in a start at Detroit on Sept. 19. He hopes to work deep without a
pitch count, though pitching coach Curt Young said he’d likely be
”It’s going to be fun,” he said. ”I don’t think I’ll have to
dial it down. … A postseason game in Oakland, there hasn’t been
one for a while.”
The Tigers swept Oakland out of its last playoff series – in
four games of the 2006 AL championship series. None of the current
A’s were on the team then, and only two were even in the
The task is daunting: win three straight at home. Yet this A’s
team has accomplished unheard of feats in a season full of walkoffs
and victories celebrated with whipped-cream pies.
And, just last week they took three in a row from the two-time
reigning AL champion Rangers to stun Texas for the AL West crown in
Game No. 162 last Wednesday.
That late-season surge erased a five-game deficit, and the A’s
became the first time in major league history to do so over the
final 10 games to win a division or pennant. They trailed Texas by
13 games on June 30.
”Nobody knew we were good until the end,” Oakland’s Jonny
Gomes said. ”We had Major League Baseball right where we wanted
them: We tricked them into playing 162 games.”
Now, Oakland will attempt to become the first playoff team in
franchise history to come back from down 2-0. In six of the
previous seven series when the A’s lost the first two games, the
wound up getting swept.
Oakland will try to get its offense going after striking out 23
times in the first two games, including 14 in Saturday’s 3-1 loss
in Game 1. The A’s hit a majors-leading 112 home runs after the
A’s manager Bob Melvin isn’t worried about the K-fest, and
neither are his players. Josh Reddick has six of the strikeouts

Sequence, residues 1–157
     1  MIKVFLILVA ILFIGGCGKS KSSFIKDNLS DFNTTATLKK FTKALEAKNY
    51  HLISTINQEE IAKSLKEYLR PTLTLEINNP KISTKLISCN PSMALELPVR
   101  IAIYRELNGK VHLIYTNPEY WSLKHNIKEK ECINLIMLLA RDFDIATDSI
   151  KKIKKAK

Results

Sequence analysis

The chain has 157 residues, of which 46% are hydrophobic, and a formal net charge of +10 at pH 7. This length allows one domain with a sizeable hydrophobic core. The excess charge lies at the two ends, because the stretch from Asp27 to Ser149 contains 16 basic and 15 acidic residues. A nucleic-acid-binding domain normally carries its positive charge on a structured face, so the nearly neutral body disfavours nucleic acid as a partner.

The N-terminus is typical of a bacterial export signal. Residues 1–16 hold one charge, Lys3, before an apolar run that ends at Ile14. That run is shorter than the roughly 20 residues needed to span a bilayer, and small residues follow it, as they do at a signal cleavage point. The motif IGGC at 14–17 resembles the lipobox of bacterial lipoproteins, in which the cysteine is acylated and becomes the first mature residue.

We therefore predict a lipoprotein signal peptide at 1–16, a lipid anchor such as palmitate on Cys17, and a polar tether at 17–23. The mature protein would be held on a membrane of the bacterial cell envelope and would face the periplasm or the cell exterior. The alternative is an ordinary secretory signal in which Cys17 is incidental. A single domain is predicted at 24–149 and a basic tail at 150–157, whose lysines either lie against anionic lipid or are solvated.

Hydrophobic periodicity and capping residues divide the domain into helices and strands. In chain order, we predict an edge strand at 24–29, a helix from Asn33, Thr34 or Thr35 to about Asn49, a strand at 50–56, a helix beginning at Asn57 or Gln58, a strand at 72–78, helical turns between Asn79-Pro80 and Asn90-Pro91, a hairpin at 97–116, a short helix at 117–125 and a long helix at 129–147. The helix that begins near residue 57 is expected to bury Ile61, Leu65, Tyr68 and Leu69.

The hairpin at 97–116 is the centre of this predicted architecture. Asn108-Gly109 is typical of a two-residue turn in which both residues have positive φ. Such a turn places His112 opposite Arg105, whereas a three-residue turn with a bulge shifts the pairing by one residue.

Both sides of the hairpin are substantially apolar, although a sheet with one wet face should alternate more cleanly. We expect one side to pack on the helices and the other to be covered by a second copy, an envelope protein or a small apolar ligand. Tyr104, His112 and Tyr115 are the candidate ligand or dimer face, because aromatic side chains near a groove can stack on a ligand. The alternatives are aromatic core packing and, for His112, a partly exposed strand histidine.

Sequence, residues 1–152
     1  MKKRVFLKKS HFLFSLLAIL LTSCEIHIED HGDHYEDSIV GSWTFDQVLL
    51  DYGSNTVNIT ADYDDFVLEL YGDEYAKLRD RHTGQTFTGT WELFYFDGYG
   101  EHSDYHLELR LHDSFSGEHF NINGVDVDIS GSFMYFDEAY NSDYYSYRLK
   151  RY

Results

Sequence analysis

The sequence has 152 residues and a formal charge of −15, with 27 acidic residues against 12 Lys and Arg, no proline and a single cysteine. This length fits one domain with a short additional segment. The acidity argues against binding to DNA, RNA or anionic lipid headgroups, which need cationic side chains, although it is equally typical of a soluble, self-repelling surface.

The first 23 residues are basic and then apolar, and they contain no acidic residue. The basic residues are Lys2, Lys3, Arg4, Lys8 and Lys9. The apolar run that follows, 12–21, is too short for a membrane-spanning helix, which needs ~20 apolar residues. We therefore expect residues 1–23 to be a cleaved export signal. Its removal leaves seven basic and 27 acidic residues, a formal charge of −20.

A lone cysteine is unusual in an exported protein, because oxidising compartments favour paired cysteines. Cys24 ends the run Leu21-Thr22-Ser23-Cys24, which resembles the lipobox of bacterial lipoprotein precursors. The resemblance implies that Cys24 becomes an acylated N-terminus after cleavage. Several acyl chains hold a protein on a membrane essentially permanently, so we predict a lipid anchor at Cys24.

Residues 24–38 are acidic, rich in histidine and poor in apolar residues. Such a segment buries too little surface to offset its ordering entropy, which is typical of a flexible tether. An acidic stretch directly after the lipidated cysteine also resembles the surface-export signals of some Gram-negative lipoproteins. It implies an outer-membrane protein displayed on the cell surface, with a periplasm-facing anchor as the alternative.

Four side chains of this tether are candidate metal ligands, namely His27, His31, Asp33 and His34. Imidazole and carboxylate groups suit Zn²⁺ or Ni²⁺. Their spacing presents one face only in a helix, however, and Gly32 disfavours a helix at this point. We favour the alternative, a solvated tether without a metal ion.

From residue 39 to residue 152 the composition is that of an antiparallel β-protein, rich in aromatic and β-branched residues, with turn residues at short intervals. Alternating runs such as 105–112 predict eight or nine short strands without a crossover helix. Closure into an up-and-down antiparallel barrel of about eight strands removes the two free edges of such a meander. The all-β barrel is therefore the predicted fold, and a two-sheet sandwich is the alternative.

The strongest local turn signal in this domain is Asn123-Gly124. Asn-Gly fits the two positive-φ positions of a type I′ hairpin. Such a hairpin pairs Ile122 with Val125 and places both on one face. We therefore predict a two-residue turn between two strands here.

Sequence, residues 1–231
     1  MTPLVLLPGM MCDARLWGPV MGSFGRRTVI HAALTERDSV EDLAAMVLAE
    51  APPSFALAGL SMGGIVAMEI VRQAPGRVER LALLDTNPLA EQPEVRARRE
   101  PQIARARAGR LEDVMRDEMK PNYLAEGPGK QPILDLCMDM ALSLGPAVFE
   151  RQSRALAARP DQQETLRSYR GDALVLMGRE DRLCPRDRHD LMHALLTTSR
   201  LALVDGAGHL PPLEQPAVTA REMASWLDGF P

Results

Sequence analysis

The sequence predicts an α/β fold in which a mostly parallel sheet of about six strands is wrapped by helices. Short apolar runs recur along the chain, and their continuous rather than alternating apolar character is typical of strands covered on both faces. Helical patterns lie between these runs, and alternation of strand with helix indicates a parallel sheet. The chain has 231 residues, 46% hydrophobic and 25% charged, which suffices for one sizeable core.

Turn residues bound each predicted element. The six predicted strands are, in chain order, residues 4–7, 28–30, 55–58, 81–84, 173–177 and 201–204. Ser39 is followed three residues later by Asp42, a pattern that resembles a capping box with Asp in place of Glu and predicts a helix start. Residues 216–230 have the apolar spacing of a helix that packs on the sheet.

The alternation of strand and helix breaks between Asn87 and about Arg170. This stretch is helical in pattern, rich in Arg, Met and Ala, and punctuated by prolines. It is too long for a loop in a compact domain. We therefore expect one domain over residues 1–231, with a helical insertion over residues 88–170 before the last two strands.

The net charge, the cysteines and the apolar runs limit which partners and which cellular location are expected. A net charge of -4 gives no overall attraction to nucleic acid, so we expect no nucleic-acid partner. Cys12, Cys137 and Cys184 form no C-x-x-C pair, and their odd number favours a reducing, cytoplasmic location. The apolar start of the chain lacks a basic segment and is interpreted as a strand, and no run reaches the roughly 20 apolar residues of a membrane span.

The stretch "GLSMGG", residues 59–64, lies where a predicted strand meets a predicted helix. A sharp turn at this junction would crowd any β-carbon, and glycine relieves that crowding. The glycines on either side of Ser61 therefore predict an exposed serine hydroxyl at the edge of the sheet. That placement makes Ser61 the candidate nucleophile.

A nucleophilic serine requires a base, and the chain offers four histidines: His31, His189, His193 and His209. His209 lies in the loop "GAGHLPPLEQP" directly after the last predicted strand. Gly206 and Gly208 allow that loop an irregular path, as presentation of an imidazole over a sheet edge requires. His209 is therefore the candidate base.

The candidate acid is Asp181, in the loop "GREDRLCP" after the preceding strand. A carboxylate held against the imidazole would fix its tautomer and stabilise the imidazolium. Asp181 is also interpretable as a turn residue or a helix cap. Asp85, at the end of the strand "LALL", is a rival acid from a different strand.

after hitting a team-best 32 home runs during the regular
”If you’re going to be aggressive, you’re going to swing
hard,” Gomes said. ”If you’re going to hit home runs, you’re
going to swing hard.”
Yet Melvin knows firsthand how good Sanchez can be. The
28-year-old Venezuelan pitched a no-hitter for Florida during his
rookie season of 2006 against Melvin’s Arizona Diamondbacks.
Oakland shortstop Stephen Drew also was on that Arizona team, while
Cabrera played for the Marlins.
Leyland has experience with this year’s playoff format,
featuring the higher seed opening on the road for the first two
Facing the favored San Francisco Giants, Florida won the first
two games at home, then completed a three-game sweep of the NL
division series at Candlestick Park on the way to the title –
Leyland’s lone championship in 21 years as a manager.
These Tigers sure seem primed for another special October
First, they’ll have to deal with a loud Coliseum crowd that has
come alive over the past month as the A’s emerged as a surprise
contender, then clinched the club’s first playoff berth in six
For Melvin, whatever happened Sunday is now in the past. He has
bigger concerns at the moment.
”I respect Jim Leyland about as much as I respect anyone,”
Melvin said. ”I think there are varying degrees of all that stuff,
showmanship. … I don’t think there’s one right or wrong way.
Emotionally after a game when something like that happens you’re
always going to hear something from somebody. But you move on. It’s
not a big deal for me.”